Diet for Lymphedema

If you have lymphedema, limit processed foods and load up on high-fiber fruits and vegetables.
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Lymphedema is a type of swelling that occurs, usually in an arm or leg, when the body's lymph system s damaged or blocked, says the National Library of Medicine. Experts say diet is a key part of managing lymphedema. Avoiding salt, eating a balanced diet and staying hydrated can help.

Read more:Exercises for Lymphedema in the Legs

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What Is Lymphedema?

Lymph is fluid that runs through a network of tubes in your body to remove waste, bacteria and viruses from tissues. Think of it as part of a filtration system. It carries the waste through the lymphatic system to lymph nodes, where they are filtered out, according to the Mayo Clinic. Much of the lymph eventually enters the thoracic duct at the base of the neck, where it rejoins the bloodstream, according to Cancer Research UK.

Lymphedema results when this fluid cannot drain away. Often the cause is cancer or its treatment, according to the Mayo Clinic. Lymph glands may be removed to check for the presence of cancer cells and prevent their spread. Cancerous tumors can block lymphatic vessels, and radiation therapy can scar lymph nodes and vessels.

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Lymphedema can also be caused by an infection of parasitic worms spread by mosquitoes, but this is only common in some tropical regions, according to the Centers for Disease Control and Prevention. When caused by cancer, surgery, radiation or parasites, the condition is known as secondary lymphedema. In some rare cases, the condition is inherited, and then it is known as primary lymphedema.

You may be at higher risk for secondary lymphedema if you're older, overweight or have rheumatoid or psoriatic arthritis, Mayo Clinic notes. Lymphedema may make you prone to cellulitis, a bacterial skin infection, or lymphangitis, an infection of lymph vessels, it says.

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There is no cure for lymphedema, so diet is an important part of managing it.

Add Fruits and Vegetables

"Generally, the diet has an emphasis on eating less processed food, and more fruits and vegetables," says Stacy Kennedy, MPH, RD, a registered dietitian who is board-certified in oncology nutrition and co-founder of Wellness Guides, in Wellesley, Massachusetts.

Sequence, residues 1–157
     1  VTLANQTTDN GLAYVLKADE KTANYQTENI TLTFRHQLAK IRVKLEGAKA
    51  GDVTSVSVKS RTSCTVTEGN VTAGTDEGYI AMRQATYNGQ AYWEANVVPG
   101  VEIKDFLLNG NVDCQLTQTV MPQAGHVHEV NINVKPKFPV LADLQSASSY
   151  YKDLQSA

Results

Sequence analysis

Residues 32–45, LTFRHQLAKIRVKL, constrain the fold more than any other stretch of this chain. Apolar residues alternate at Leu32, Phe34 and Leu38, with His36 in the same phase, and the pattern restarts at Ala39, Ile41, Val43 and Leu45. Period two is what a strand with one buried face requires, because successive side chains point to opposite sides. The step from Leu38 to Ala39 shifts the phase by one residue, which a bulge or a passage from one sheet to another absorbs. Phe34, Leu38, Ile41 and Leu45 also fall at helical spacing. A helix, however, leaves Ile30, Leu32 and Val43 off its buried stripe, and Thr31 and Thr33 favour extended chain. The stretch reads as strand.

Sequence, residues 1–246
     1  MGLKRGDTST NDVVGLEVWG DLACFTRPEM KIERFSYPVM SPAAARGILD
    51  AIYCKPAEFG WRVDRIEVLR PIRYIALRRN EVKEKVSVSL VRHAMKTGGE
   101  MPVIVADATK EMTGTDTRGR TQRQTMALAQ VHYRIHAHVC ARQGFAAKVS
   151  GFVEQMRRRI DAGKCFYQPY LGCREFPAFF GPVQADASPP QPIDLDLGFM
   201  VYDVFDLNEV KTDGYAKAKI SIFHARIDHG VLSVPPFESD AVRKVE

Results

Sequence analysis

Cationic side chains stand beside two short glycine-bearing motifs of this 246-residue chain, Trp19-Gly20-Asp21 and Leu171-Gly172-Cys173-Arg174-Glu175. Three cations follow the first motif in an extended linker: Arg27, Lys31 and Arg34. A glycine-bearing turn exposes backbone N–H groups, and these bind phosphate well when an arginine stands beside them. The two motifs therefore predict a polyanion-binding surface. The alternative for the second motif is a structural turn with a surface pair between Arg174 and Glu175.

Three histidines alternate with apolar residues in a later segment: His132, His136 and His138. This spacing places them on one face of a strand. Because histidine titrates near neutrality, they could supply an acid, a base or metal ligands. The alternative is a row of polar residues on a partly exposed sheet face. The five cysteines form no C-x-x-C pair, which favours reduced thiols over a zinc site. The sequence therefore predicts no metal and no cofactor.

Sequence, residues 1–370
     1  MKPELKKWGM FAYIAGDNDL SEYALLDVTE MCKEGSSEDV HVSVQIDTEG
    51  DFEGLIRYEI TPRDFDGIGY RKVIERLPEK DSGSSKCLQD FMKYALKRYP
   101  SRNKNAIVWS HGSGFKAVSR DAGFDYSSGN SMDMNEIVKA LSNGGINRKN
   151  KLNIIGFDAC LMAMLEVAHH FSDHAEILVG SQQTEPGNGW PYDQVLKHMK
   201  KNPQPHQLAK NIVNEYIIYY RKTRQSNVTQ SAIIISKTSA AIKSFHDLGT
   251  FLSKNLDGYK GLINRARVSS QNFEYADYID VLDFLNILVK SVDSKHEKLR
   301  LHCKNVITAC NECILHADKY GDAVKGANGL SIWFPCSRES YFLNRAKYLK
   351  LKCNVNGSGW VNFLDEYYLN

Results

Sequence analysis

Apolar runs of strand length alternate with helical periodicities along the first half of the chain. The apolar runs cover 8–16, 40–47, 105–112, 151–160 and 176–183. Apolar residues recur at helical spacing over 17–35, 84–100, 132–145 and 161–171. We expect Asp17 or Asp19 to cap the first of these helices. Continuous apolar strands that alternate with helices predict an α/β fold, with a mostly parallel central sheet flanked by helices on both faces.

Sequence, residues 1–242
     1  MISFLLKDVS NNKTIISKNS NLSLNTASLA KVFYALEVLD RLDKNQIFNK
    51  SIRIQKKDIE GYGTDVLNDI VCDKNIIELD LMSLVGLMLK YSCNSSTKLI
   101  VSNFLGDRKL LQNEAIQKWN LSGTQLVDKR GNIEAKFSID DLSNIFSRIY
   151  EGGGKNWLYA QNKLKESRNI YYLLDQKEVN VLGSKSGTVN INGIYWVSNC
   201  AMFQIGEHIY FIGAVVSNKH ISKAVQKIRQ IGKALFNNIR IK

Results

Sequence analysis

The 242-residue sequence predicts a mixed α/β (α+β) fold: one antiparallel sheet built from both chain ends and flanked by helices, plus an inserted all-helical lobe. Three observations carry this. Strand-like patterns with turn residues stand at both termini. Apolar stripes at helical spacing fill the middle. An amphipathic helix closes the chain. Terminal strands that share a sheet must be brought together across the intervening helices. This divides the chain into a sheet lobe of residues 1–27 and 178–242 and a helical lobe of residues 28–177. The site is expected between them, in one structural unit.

Fresh fruits and vegetables not only supply needed vitamins and minerals but aid in fighting inflammation, one of the symptoms of lymphedema, Kennedy says. A healthy diet promotes good gut health, and "the lymphatic system is impacted by gut health," she adds.

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The Cleveland Clinic recommends these daily amounts:

  • 2 to 4 servings of fruit.
  • 3 to 5 servings of vegetables.

Boost Water, Protein and Fiber

Getting adequate hydration and eating enough protein are important, Kennedy says, but people should discuss with a health professional what the proper daily amounts are for them specifically, as individual factors such as body size, level of activity and medications influence the answers.

Need some ideas for getting more protein in your diet? The USDA notes these foods are rich sources:

  • Lean meats.
  • Poultry.
  • Fish.
  • Eggs.
  • Nuts like almonds, pistachios or walnuts.
  • Seeds like pumpkin or sunflower.
  • Peanut or almond butter.
  • Beans.
  • Tofu.

These dietary guidelines are doubly important for lymphedema patients with cancer. "When someone is going through cancer treatment, you need more protein," Kennedy says.

Another thing to remember is that if you are overweight and have lymphedema, you should avoid the ketogenic diet or other high-fat diets, which can exacerbate the swelling, Kennedy says.

For an overall healthy diet, the Cleveland Clinic says you should also have high-fiber foods, such as:

  • Fresh fruits and vegetables.
  • Whole-grain breads, pastas and cereals.

An overall healthy diet is key if you have lymphedema to keep your weight at a healthy level, which can help reduce your symptoms, the Cleveland Clinic says. Some basic tips from the Clinic include:

  • Eating a variety of foods to ensure you get the nutrients you need.
  • Cutting back on high-salt and high-fat foods.
  • Drinking eight 8-oz. glasses of water a day to stay hydrated.

Read more:Are You Eating the Daily Recommended Amount of Fruits and Vegetables?

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Is This an Emergency?

If you are experiencing serious medical symptoms, please see the National Library of Medicine’s list of signs you need emergency medical attention or call 911. If you think you may have COVID-19, use the CDC’s Coronavirus Self-Checker before leaving the house.
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